Ercole is a veteran of a system of policing with medieval roots, which was transformed to meet the needs of the princely governments that emerged across Italy in the late-fifteenth and sixteenth centuries. That system of policing was based on punishment more than prevention, and the birri were, as Ercole says, the strong right arm of the law, essentially thief-takers in the employ of governments or even elite families. One historian of the period has described them as “folk of little faith or character, one step removed from the criminals they captured.” These men were frequently recruited from the underdeveloped rural areas of the Romagna, unbeholden to local factions and more loyal to their governmental employers.

Ercole himself works for Duke Cosimo I, who solidified the Medici regime in Florence after his cousin Alessandro was murdered in 1537. Cosimo I was a master of bureaucratic rule, and transformed Florence’s judiciary into a tool of political power. As Ercole says, that process was messy – many people were not happy to see the republic come to a definite end. Bringing the law, and its enforcement, directly under the control of the Medici regime was an early priority for Cosimo. The local police became the visible agents of Medici authority and the physical enforcers of its rule.

The court that Ercole works for, the Otto della Guardia, predates the Medici duchy but became an extension of its authority, as well as a means for the Medici to channel elite privilege and ambition into useful action. The Eight were local elites drawn from families who supported the Medici in exchange for such positions of authority. They served rotating four-month terms, to prevent them gathering too much personal power. In reality, they used those terms to profit as much as possible and to lay the groundwork for further service in other state offices. Across Italy courts like the Otto worked in the sixteenth century to consolidate the strength of princely regimes. The Florentine court shows how these institutions worked to bind both ordinary people and elites to the regime –through punishment and participation in the new politics of the day.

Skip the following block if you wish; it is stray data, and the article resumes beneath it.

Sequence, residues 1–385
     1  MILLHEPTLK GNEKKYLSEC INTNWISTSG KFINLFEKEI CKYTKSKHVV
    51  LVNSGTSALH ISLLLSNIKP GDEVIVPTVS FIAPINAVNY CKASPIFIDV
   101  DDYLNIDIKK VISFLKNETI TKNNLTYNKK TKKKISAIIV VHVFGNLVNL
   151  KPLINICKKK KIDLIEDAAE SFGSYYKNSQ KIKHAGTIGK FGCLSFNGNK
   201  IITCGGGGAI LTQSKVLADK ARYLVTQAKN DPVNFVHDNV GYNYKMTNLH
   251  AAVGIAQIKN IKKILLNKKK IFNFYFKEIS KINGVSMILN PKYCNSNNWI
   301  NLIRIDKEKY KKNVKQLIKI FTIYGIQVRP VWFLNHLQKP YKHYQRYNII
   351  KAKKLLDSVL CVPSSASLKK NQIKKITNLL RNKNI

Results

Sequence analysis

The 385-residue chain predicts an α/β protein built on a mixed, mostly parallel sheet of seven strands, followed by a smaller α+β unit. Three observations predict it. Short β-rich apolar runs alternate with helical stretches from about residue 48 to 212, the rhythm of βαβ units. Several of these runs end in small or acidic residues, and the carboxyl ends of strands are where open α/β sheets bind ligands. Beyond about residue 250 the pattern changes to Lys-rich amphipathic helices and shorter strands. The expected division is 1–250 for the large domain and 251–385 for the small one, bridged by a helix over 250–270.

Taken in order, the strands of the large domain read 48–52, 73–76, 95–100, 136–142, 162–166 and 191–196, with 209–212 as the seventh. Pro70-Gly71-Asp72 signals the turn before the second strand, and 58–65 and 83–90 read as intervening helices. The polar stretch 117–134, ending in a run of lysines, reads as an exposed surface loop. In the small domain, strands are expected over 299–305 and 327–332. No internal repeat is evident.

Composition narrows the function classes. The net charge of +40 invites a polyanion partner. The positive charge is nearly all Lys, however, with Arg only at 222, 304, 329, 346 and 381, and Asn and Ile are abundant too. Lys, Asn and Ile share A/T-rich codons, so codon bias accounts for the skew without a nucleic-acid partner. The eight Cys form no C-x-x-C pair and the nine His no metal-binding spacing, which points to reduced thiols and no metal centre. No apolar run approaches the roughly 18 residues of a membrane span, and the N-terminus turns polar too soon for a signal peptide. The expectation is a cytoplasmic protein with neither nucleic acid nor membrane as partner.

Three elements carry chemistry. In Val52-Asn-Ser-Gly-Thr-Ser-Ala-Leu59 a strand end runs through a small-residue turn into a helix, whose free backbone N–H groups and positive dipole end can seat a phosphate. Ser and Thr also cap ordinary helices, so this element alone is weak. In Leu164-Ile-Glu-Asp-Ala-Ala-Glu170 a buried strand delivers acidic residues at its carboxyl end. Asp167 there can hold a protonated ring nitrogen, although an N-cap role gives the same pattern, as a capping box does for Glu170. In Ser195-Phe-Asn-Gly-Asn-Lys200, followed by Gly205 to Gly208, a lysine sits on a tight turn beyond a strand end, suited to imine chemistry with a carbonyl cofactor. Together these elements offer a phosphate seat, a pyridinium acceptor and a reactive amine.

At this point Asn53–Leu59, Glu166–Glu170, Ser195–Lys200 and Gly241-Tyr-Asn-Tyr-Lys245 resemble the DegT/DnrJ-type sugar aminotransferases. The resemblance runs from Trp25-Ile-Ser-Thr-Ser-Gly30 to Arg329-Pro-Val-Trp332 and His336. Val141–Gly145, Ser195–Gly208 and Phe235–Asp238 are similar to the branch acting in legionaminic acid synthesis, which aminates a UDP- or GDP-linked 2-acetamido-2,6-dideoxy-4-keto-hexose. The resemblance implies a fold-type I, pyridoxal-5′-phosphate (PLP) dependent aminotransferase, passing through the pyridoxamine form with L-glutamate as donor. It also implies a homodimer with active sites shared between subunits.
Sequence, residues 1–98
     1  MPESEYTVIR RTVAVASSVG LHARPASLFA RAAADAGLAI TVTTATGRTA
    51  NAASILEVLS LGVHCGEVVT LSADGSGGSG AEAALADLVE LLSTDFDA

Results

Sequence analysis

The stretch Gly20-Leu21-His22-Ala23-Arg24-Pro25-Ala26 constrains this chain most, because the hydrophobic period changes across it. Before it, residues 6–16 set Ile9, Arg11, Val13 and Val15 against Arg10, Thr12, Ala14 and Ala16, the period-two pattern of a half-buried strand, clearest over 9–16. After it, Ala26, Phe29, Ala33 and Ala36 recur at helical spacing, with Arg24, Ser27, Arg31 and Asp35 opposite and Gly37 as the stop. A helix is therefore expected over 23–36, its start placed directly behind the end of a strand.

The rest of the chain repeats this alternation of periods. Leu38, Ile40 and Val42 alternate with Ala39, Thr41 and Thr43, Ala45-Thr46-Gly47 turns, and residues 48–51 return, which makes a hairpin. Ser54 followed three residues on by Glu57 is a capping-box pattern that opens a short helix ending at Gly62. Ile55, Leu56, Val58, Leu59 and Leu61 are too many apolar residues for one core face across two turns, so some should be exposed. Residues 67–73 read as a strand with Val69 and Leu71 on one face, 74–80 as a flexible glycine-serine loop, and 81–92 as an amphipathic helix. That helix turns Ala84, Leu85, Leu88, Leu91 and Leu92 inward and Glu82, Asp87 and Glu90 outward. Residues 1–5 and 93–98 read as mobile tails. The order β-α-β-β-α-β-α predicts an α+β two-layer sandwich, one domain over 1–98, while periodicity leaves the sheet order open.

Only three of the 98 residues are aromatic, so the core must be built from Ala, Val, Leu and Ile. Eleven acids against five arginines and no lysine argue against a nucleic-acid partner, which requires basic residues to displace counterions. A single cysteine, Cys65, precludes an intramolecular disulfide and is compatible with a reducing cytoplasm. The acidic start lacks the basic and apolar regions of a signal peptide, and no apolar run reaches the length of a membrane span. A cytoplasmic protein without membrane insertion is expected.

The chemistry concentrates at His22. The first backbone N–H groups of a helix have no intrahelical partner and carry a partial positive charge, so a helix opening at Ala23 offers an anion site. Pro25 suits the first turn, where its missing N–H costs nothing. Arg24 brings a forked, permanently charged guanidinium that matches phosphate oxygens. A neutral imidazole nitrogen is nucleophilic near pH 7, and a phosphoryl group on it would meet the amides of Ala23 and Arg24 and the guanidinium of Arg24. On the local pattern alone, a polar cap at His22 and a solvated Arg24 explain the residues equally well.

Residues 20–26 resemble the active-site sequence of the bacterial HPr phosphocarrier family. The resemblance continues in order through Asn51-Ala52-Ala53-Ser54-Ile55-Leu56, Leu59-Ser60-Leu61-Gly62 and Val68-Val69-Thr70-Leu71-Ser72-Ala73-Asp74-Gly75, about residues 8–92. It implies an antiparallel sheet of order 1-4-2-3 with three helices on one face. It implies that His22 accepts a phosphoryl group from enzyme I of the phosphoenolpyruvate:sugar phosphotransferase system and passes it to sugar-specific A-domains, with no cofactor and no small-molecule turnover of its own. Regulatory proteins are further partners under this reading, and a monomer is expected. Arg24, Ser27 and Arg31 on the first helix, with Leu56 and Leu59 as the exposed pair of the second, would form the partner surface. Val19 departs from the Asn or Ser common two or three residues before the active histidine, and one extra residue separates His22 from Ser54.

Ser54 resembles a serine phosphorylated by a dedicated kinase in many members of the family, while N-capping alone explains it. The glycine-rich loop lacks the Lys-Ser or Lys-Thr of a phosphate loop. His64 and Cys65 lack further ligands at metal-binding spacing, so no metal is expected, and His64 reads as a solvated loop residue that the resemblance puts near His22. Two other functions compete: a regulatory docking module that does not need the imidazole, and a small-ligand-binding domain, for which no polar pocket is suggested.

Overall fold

When Ercole begins his story in 1566, Cosimo was getting old, at the height of his power and three years from being named Grand Duke of Tuscany by Pope Pius V. As Ercole tells us, he brought order to the city, but that order came at the cost of freedom for many of the elite families who squabbled for local power in the Republican and Communal years. The sbirri were the enforcers of that order, and they enforced it violently and capriciously, earning themselves a deeply negative reputation. Harassment of foreigners, shakedowns of prostitutes and gamblers, and police brutality were common complaints made against them. Ercole himself has aged out of those tactics, as he must be in his fifties, and, having seen it all, knows when a firm word will go further than a clava  – a club – in bringing about compliance.

Like everything in Renaissance Florence, justice had its places. Ercole takes us through the spaces of crime, punishment and order to show how the law was deeply embedded in the physical city, and how parts of the city developed as stages for the rituals of justice that showed the strength and legitimacy of the regime.

Colin Rose

To cite this essay, we suggest:
Colin Rose, ‘Politics and police’ published online 2019, in ‘Hidden Florence’, The University of Exeter,

Further reading:

John K. Brackett, Criminal Justice and Crime in Late Renaissance Florence, 1537-1609. Cambridge [England]: Cambridge University Press, 1992.

Hughes, Steven. “Fear and Loathing in Bologna and Rome the Papal Police in Perspective.” Journal of Social History 21, no. 1 (October 1, 1987): 97–116.

Stern, Laura Ikins. “Politics and Law in Renaissance Florence and Venice.” The American Journal of Legal History 46, no. 2 (2004): 209–34.